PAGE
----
"Go push up the feed."
Those were some of my least favorite words to hear as child growing up on a small dairy. I hated having to go push up the feed by hand, especially during those hot summer afternoons.
Managing the feedbunk was a job that needed to be done multiple times throughout the day whether there be rain, shine, heat, or snow. But it was still one of those jobs that I never really enjoyed doing.
On our family farm, we used the latest and greatest technology to make sure that the cows had feed in front of them at all times.
It wasn't fancy, but it got the job done. It was cheap, it was efficient, and it was something that everyone could operate, including young children. As we got older, we had the ability to use the skid loader to help with this daily task, but the shovel always remained the most faithful tool.
While managing the feedbunk never became one of my favorite chores, I quickly began to better understand its significance as I grew up.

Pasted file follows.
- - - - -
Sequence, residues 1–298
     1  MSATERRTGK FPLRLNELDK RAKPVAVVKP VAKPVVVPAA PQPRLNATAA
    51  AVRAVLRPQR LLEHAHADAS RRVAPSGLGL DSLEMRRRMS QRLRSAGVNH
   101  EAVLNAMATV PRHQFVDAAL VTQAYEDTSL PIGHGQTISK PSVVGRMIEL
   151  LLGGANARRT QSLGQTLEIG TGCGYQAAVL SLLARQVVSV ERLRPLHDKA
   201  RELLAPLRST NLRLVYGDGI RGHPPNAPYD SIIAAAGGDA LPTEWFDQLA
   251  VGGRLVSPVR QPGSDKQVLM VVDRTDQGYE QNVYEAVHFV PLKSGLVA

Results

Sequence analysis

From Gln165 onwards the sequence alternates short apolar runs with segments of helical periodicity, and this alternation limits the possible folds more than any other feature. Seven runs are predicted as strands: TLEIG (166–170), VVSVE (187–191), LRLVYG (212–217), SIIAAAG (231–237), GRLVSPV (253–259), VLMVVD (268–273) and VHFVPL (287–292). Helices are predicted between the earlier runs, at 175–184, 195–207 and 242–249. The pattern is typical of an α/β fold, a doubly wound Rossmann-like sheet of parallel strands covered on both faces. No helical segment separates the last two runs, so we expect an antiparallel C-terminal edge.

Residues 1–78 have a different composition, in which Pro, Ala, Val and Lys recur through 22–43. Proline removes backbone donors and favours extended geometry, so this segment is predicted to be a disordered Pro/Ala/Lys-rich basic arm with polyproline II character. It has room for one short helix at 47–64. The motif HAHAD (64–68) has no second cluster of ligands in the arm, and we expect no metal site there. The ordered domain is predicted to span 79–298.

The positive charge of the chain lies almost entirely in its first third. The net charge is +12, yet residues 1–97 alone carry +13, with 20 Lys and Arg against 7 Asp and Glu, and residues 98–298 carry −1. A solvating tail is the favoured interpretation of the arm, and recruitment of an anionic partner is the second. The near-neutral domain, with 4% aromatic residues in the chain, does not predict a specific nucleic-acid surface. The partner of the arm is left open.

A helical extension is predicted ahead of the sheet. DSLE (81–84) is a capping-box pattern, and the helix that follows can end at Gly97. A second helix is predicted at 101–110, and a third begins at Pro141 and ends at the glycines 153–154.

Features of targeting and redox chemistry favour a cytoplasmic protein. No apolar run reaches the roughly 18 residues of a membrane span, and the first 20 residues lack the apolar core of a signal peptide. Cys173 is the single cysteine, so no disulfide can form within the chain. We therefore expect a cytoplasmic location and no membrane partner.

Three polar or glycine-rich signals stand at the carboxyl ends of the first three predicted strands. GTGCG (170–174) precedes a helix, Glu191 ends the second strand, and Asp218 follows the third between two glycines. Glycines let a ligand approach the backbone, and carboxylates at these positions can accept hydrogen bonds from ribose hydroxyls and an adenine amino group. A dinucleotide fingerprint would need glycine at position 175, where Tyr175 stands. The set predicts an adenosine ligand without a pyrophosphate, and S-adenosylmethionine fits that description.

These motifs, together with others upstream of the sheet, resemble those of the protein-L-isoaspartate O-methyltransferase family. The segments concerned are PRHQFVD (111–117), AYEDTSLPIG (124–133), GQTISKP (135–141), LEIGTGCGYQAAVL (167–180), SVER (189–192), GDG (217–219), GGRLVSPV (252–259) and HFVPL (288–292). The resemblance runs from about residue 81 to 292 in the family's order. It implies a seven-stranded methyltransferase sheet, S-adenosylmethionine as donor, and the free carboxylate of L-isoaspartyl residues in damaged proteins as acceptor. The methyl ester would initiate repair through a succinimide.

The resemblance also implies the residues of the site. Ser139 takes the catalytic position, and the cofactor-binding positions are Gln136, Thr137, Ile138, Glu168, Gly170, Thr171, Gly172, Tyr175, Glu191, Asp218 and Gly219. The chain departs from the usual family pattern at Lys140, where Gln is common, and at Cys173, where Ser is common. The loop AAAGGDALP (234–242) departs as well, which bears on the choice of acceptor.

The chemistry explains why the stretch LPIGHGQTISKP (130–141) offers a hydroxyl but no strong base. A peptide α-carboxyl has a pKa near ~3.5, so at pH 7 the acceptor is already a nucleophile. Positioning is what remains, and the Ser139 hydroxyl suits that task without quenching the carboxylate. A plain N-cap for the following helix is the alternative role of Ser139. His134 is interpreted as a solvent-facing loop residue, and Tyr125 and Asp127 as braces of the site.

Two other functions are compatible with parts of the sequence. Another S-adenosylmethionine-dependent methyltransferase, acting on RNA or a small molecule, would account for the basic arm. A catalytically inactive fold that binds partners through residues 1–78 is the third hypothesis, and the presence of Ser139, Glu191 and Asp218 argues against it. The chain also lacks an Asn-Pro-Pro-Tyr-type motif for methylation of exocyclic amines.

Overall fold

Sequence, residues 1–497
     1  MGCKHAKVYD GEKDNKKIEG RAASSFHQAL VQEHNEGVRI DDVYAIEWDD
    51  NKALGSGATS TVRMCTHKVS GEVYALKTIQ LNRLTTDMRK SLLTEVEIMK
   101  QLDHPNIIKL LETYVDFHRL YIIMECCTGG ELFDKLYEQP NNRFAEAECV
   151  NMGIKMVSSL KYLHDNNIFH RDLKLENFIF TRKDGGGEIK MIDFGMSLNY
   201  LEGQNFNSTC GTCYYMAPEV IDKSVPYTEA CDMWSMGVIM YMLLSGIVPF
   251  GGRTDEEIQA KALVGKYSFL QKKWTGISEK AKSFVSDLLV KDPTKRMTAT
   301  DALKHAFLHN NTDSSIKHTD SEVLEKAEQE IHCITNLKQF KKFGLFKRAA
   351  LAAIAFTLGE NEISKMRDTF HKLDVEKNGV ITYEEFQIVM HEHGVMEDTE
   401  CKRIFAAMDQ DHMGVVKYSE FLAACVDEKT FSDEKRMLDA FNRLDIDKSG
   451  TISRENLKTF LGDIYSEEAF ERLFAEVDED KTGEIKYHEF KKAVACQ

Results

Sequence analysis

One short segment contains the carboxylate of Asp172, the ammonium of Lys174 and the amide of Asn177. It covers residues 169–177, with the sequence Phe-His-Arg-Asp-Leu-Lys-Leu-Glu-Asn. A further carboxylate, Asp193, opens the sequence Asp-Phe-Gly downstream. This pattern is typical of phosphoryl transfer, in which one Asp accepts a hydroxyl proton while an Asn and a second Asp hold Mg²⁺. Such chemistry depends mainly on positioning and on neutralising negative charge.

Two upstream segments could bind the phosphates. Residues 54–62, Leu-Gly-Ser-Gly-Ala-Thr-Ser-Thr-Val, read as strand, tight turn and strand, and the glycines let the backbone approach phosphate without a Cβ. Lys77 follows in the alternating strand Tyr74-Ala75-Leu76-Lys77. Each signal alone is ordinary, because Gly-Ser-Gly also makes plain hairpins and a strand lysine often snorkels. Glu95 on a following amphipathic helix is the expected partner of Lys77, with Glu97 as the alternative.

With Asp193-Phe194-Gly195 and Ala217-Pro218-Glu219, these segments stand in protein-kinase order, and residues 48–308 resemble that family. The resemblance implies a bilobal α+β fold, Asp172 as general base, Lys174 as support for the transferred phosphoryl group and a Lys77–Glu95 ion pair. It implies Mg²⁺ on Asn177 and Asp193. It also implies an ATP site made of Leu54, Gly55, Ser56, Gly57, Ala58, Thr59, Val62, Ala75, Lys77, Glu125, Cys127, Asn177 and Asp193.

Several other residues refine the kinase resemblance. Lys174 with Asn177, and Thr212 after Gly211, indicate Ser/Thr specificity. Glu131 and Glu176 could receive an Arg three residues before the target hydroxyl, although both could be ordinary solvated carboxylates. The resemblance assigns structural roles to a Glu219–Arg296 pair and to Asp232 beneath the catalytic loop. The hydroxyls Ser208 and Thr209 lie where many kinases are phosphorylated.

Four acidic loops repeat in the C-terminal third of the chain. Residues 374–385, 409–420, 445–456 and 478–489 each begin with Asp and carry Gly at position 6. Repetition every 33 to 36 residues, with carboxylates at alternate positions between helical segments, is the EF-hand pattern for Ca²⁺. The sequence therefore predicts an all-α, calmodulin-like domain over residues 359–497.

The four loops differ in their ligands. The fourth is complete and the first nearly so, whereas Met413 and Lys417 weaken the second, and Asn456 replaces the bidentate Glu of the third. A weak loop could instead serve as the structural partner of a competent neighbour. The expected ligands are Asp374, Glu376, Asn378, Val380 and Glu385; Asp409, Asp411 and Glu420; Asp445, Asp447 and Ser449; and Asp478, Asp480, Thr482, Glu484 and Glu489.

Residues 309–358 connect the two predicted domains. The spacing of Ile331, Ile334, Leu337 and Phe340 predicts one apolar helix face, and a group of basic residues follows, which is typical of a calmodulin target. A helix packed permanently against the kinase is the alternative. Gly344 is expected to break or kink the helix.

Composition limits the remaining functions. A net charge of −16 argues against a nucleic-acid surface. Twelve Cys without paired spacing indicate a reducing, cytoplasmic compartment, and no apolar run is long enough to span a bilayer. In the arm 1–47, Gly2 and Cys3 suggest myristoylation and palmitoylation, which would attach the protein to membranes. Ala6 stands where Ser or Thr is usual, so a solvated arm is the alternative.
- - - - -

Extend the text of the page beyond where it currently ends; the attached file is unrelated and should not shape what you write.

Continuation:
Without a properly maintained feedbunk, cows were less likely to maximize on their milk production. Not only was it crucial to make sure that there was always feed placed in front of the cows, but there were also other factors to consider when feeding.
As I grew to be more involved on the farm, I noticed several things during my time pushing up the feed. Timing played an important role when it came to feeding cattle. The cows always seemed eager to eat as soon as they left the parlor, so it was critical that feed was always in reach during that important time. Maintaining a consistent feeding schedule as well as ensuring proper feedbunk space made a large impact on the efficiency of our animals, too.
I had plenty of time to also check out the particle size of the TMR when I performed this daily chore. Some places had long stems of alfalfa while other spots were finely ground. This was an indicator that our feed wagon could use some new blades. Not only would this improve feed consistency, but it would also help to prevent feed sorting.
As much as I disliked the chore of shoveling up the heavy feed each day, I realized that there was a lot you could learn during that time at the feedbunk. I noticed where improvements could be made, and learned the importance of staying consistent. Are you managing your feedbunk correctly?